For example, motivated by the perceived need to protect its own domestic supplies, India has restricted exports twice since the COVID-19 pandemic began. The first time was in March 2020, when India chose to restrict the export of many common medicines and pharmaceutical ingredients. This impacted all the countries that would normally import these medicines from them.
The second time took place more recently, in April 2021. As India faced a significant surge in COVID-19 cases, the Indian government banned the export of Remdesivir, a broad-spectrum antiviral medication which can help to shorten the duration of COVID-19 symptoms. Developed by US biopharmaceutical giant Gilead, Remdesivir is being manufactured under a licensing agreement with Gilead by companies based in India and elsewhere, for distribution to 127 mostly low- and lower-middle income nations.
Countries have also taken other measures to protect their citizens from the coronavirus. For instance, on April 26, 2021, in response to India’s significant surge in COVID-19 cases, China’s state-run Sichuan Airlines suspended cargo flights to India for 15 days. This adversely impacted the import of the raw materials needed by the pharmaceutical sector, creating a significant supply chain shock.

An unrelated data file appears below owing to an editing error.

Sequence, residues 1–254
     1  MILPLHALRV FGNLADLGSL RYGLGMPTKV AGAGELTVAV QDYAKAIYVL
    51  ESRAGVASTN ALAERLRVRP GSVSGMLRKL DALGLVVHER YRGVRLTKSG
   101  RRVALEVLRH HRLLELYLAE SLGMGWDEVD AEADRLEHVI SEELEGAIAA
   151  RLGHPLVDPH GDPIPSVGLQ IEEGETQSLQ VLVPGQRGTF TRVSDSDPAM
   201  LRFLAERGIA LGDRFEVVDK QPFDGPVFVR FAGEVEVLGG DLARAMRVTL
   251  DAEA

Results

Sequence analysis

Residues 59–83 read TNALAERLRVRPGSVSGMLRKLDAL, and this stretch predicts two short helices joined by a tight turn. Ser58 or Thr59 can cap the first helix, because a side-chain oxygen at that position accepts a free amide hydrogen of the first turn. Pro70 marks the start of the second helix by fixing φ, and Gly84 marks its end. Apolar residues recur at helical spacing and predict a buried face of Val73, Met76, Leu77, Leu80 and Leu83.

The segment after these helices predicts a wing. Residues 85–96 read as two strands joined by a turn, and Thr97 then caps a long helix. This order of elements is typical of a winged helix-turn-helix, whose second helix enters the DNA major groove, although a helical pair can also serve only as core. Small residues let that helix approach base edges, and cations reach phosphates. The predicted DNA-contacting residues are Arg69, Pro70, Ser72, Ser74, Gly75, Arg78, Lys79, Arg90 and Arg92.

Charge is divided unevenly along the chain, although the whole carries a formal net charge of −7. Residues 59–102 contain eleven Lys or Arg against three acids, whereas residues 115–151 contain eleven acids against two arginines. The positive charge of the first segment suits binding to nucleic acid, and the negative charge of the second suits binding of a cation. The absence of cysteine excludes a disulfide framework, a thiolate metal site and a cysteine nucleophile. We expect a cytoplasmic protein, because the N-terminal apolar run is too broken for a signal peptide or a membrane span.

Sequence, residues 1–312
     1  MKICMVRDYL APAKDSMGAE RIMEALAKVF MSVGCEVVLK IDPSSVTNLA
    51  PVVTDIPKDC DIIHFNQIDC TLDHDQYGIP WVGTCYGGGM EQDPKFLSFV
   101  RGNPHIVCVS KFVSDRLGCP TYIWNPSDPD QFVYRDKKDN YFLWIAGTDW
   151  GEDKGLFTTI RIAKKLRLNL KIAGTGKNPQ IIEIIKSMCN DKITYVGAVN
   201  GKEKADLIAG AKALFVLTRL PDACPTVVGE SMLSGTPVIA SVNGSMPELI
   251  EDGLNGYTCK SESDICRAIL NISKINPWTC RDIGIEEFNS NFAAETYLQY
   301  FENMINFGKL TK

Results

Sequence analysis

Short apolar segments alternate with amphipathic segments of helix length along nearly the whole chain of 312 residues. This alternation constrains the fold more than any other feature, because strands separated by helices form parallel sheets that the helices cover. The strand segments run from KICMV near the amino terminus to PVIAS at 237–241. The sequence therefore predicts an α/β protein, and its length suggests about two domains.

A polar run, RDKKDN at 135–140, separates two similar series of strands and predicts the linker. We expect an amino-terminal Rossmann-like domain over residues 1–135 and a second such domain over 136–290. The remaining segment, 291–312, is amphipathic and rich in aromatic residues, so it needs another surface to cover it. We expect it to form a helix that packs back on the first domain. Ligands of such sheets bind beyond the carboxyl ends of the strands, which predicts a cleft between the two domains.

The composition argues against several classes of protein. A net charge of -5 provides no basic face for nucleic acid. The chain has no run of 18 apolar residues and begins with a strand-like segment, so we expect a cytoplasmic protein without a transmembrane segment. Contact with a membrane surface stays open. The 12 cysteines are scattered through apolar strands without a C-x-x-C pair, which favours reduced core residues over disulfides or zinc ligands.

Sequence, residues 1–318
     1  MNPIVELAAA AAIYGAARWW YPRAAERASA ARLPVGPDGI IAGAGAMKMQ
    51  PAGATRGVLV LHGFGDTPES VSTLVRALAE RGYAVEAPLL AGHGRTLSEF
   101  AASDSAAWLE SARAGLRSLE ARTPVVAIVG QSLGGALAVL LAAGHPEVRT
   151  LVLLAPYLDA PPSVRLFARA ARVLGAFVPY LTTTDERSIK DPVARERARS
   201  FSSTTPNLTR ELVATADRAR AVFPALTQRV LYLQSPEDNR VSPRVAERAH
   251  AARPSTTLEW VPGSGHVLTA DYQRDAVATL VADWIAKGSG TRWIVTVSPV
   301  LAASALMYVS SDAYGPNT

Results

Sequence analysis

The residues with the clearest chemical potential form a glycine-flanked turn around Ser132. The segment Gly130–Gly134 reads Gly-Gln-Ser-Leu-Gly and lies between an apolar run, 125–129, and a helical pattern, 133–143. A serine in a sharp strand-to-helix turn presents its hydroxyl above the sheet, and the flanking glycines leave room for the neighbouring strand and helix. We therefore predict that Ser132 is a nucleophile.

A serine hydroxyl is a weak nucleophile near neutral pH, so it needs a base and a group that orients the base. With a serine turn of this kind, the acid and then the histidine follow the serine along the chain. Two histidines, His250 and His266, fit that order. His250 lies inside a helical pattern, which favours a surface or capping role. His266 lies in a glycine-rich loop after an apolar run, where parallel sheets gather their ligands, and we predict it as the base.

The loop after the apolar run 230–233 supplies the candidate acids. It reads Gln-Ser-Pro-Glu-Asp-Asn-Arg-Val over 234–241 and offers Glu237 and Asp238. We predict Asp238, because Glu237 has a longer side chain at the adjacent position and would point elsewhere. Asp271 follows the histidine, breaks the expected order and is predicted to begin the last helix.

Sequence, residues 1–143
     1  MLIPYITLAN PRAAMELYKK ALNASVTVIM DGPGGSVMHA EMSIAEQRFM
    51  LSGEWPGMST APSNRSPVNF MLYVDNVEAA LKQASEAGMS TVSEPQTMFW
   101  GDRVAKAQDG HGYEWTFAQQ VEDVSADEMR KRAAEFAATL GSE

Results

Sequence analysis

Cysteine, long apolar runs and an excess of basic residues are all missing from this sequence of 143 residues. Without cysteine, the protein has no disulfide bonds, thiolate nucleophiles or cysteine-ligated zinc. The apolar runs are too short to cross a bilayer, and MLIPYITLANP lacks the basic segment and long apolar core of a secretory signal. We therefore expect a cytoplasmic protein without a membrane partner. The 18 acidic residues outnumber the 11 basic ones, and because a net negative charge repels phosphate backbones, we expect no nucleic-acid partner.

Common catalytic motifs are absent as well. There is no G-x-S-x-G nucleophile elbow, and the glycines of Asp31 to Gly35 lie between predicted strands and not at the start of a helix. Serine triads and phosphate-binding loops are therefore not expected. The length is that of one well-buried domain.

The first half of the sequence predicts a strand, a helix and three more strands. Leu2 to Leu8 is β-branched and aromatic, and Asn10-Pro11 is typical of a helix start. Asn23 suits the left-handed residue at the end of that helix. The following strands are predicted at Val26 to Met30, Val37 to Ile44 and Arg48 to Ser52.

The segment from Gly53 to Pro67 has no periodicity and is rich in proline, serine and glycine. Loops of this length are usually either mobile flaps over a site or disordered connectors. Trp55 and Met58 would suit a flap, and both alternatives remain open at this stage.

Drug-Resistant Infections Fueled by Harmful Environmental Practices
Another risk associated with our reliance on China and India to produce much of the world’s APIs and pharmaceutical products has to do with how these countries handle pharmaceutical waste.
In the US and other Western countries, strict regulations ensure that waste products from pharmaceutical manufacturing are not simply discharged directly into the environment. This, however, is not the case in China and India. Today, the pollution from antibiotics manufacturing facilities in these countries is one of the three primary factors fueling the global rise of antimicrobial drug resistance and multidrug-resistant infections. (The other two significant factors are misuse and/or overuse in both human medicine and farming).
In fact, India has been referred to as the “Antimicrobial resistance capital of the world.” This is driven, in part, by waste from the pharmaceutical sector.
To examine the extent of this problem, the investigative agency Ecostorm tested 34 antibiotics production sites in India. Of these, 16 were found to be harboring bacteria resistant to antibiotics.
Waste from antibiotic manufacturing migrates into the ground and/or water, where it goes into the livestock-rearing and human food chains. This, in turn, perpetuates the spread of multidrug-resistant infections. As Ecostorm reports, “The substantial quantities of antibiotics released from polluting factories, which frequently combine with runoff from farms and human waste in water bodies and sewage treatment plants, provide a perfect breeding ground for drug-resistant bacteria.”
Antimicrobial resistance poses a significant health problem. According to the US Centers for Disease Control (CDC), each year antibiotic-resistant bacteria and fungi cause an estimated 2,868,700 or more infections in the U.S. alone, resulting in at least 35,900 deaths.